Manufacturing Companies’ Shrinking Margins Put Pressure on Sales Every Day
You hardly hear discussions about sales analytics or big data in the manufacturing industry. The only analytics in a wider scale is done to optimise monthly production capacities or to provide financial reports for analysts and stock holders.
Big data means that you capture, combine, analyse, visualise and share sets of data, which would not be possible with manual or traditional data processing. Big data methods create new information that would not be possible to derive due to lack of ability to combine large set of various data sources, or due to the complexity of data.
The steel industry has traditionally relied on two things: manufacturing and good sales people. An individual sales person only looks at his own customers’ orders and profitability. Nobody is consistently analysing various customer segments’ needs, behaviour, winning ratio, share of wallet or new customer prospects. The manufacturing industry particulary lacks systematic ways to utilise external customer data and to combine that with internal sales and financial data. If some information is collected, it might be in various reports, but not systematically visualised in dashboards.
Examples of Big Data applied to sales analytics
I believe systematic sales analytics that combine also external information sources will have a huge impact on profitability as companies are fighting against shrinking margins.
Example: Pre-sales analytics
Sales spend a lot of time in finding new customers. In some cases even 25-50% of the sale time is used for pre-sales analytics. The work is normally not effective as the data mining is not systematic and sales doesn’t have sufficient tools or skills to match data from different sources.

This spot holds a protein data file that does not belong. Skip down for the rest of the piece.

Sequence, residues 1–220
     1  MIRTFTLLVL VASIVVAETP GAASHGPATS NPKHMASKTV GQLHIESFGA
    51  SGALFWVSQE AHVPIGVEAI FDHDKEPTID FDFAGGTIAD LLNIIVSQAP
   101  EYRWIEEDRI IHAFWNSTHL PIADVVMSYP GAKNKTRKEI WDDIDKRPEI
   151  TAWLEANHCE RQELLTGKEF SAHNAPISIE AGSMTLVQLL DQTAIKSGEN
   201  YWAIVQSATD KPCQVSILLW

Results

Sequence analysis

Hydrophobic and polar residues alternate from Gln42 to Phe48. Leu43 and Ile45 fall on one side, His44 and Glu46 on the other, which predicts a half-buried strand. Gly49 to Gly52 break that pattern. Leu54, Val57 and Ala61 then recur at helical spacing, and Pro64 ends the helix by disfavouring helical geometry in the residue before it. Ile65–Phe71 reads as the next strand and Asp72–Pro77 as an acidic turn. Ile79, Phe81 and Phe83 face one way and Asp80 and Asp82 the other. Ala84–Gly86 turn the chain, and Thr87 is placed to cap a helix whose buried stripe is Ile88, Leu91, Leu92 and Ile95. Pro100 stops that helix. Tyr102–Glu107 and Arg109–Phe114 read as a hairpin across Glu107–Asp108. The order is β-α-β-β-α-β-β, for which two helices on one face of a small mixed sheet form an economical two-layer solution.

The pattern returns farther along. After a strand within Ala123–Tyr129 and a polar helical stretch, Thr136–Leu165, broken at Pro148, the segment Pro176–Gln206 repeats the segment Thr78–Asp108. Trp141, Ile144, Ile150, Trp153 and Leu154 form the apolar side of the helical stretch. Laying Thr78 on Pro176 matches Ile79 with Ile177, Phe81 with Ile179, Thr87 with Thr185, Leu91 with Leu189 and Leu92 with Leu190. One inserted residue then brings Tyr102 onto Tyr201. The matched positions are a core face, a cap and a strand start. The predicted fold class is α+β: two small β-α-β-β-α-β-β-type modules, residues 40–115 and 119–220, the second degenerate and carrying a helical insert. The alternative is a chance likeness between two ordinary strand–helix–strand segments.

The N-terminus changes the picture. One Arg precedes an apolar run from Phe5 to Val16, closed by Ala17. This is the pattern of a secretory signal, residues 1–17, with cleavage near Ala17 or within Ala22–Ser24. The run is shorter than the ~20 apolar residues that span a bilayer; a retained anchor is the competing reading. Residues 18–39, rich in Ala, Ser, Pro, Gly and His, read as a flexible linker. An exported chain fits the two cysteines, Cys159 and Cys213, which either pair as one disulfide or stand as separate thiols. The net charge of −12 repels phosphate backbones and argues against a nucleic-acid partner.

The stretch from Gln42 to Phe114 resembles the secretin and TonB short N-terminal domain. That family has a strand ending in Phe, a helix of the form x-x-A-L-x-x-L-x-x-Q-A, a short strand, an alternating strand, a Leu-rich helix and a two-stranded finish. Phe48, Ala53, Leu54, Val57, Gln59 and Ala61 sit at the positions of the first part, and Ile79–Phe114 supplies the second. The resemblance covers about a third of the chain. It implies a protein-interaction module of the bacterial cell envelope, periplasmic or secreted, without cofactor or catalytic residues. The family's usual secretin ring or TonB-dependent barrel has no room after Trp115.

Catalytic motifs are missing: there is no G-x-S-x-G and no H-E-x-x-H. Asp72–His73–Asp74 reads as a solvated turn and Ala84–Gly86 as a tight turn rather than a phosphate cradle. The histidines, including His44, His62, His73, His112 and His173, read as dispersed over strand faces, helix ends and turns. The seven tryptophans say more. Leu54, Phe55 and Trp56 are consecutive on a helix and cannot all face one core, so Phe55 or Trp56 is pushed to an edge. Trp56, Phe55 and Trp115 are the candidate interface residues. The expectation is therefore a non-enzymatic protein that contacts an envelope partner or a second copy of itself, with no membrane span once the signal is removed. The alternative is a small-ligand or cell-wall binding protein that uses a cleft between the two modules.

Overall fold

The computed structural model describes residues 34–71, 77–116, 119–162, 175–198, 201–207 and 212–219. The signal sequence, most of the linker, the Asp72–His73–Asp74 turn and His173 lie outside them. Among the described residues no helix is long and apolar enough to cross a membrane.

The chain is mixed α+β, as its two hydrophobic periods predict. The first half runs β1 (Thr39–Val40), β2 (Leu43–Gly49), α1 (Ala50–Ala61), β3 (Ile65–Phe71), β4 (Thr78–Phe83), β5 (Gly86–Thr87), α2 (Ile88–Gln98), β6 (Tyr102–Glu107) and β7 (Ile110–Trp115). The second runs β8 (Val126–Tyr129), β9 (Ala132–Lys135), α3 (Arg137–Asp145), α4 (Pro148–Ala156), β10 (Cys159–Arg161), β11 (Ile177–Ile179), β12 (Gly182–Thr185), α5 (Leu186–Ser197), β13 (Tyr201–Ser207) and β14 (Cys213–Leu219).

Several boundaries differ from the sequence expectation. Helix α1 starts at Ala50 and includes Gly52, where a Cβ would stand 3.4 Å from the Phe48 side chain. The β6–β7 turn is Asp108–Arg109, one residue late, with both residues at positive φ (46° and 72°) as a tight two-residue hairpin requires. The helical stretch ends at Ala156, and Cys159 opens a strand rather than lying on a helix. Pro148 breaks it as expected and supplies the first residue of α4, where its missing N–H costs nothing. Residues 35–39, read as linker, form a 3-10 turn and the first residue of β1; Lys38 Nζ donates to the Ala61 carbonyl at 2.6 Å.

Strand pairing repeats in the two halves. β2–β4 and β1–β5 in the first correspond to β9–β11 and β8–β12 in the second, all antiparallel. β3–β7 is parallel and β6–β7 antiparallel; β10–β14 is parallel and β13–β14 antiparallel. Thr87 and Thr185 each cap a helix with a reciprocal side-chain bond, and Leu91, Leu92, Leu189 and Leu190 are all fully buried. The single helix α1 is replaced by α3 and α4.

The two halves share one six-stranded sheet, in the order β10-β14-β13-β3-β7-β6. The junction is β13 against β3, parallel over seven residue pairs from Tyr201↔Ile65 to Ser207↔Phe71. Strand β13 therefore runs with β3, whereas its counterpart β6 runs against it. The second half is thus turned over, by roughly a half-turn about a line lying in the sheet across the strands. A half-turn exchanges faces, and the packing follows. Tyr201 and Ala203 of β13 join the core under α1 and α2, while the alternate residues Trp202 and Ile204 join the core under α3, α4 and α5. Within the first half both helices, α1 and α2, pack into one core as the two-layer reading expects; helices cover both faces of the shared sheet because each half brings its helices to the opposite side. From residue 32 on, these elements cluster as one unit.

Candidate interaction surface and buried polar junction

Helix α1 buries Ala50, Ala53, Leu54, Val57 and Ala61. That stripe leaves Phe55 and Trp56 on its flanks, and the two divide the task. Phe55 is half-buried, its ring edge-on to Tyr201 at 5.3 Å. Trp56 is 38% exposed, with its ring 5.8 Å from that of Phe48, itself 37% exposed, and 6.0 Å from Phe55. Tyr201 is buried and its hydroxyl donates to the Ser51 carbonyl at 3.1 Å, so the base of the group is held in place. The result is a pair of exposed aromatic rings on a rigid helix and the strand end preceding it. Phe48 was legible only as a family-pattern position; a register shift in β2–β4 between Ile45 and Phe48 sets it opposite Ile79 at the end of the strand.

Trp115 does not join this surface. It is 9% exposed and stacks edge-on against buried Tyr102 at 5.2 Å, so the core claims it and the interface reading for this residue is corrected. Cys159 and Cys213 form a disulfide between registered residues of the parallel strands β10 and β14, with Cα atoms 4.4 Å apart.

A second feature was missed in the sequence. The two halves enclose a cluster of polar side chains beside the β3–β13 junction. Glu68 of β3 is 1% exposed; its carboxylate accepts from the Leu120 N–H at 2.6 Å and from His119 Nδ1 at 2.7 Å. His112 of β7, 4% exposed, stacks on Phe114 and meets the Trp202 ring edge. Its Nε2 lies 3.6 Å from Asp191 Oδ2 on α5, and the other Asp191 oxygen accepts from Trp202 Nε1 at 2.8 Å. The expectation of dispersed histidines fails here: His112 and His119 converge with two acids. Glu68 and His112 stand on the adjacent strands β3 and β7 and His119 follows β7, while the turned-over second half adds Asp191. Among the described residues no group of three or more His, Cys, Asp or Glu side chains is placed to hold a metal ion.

Market intelligence or market prospecting companies can provide the tools and a systematic process to find new customers and analyse external data. They might utilise free databases, outbound call centres, competitor websites etc. However, market intelligence companies don’t normally have access to the company’s own sales data.
By combining these two different types of data sources you build fully new ways to identify new prospects. And, if you make visual dashboards of the information, you probably start to be one of the sales data leaders in the manufacturing industry.
Example: Sensors and remote monitoring
There are several great examples of using sensors in remote monitoring applications. This data is used to create new services. Crane manufacturer Konecranes collects data from cranes around the world to provide preventive maintenance services. Power plant and marine engine supplier Wärtsilä has provided remote monitoring services for their customers for a long time.
Example: Customer segmentation
There are many ways to do segmentation, but manufacturing companies rarely use segmentation based on customer needs and behaviour. This has not even been considered possible as companies look at data and customer information from the perspective of a single sales person or a sales team.
Segmentation based on customer needs has potential for several percent profitability gains whereas e.g. traditional product segment pricing tactics that don’t consider customers’ behaviour might affect the operating profit by only 0.5%. Customer-based segmentation is the biggest underutilised opportunity in the whole manufacturing industry.
For effective segmentation you need to have data of the customers’ past behaviour and profitability. However, the most important thing is to know the customer’s preferences e.g. related to availability of materials, speed of delivery and requirements for technical support. These can be collected through market research companies.
By combining internal sales and financial data to the systematically collected customer needs and preferences you will create new business models, pricing strategies and services.